Human lung cell responses caused by roadside particle types

Date created: 
Particulate matter
Traffic-derived particles
Health effect
Human lung cell response
Chemical composition
Compositional interaction

Particulate matter (PM), especially traffic-derived particles, is associated with adverse effects on human health. An in vitro dose-response methodology using human lung cells A549 was adopted to investigate lung cell culture responses [cytokine expression Interleukin (IL) –6, IL-8, and cell death] following incubation with traffic-derived particles. The basis of this study was to investigate interactions between the known components on ambient particles proximal to roadways. In using ambient particle type ERM-CZ120, and laboratory mimics of PM, cellular responses clearly indicate the importance of insoluble particle types that are internalized via endocytosis. Particle size appears to not be a principal factor, but particle-air interface chemistries, while not investigated in this work, are likely important. The soluble species used herein did not effect a response when introduced alone, but when combined with insoluble particle types, the cellular response in excess of the insoluble particle alone was measured. A probable mechanism is that the insoluble particles function as carriers, via endocytosis, and that process provides an access route for internalization of soluble species. As evidenced by one set of experiments, prediction of overall cellular response to a given dose of a specific particle type is not trivial. Ferrous iron, when introduced with silica particles, effected significant down-regulation of expressed cytokines, whereas lead ions effected significant up-regulation, but when ferrous iron and lead ions were co-administered with silica particles, cytokine expression was down-regulated. These results indicate the necessity to measure specific cellular responses as an outcome following a dose with a specific particle composition of insoluble and soluble components for which detailed physical and chemical composition information is known, and not to extrapolate to other particle types.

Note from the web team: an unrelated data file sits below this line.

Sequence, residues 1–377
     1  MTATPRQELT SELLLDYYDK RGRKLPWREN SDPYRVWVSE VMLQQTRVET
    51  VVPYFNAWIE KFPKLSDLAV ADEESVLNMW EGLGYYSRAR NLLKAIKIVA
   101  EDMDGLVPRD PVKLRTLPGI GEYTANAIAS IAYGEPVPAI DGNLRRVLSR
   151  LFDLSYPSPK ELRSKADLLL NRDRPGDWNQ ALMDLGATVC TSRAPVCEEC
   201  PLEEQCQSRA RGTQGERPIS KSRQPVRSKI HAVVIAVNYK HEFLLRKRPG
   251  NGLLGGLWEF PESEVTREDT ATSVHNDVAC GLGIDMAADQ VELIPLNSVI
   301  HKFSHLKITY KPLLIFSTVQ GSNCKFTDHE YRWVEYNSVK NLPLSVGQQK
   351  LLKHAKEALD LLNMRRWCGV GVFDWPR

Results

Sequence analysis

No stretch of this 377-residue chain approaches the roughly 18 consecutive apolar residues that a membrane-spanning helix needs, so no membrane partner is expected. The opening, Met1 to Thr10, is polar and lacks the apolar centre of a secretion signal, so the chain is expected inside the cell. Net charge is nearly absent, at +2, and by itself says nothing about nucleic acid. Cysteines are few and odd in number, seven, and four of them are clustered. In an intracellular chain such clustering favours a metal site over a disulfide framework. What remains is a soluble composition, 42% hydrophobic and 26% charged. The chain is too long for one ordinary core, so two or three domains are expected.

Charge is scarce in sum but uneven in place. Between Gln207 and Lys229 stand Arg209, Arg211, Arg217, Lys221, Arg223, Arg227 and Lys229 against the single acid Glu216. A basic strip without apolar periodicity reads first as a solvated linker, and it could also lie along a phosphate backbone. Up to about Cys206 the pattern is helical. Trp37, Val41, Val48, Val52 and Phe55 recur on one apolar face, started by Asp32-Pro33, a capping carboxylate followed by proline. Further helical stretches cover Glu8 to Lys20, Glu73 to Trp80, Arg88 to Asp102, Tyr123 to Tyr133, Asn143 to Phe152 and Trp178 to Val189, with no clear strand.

Document type: 
This thesis may be printed or downloaded for non-commercial research and scholarly purposes. Copyright remains with the author.
Dr. George R. Agnes
Science: Department of Chemistry
Thesis type: 
(Thesis) Ph.D.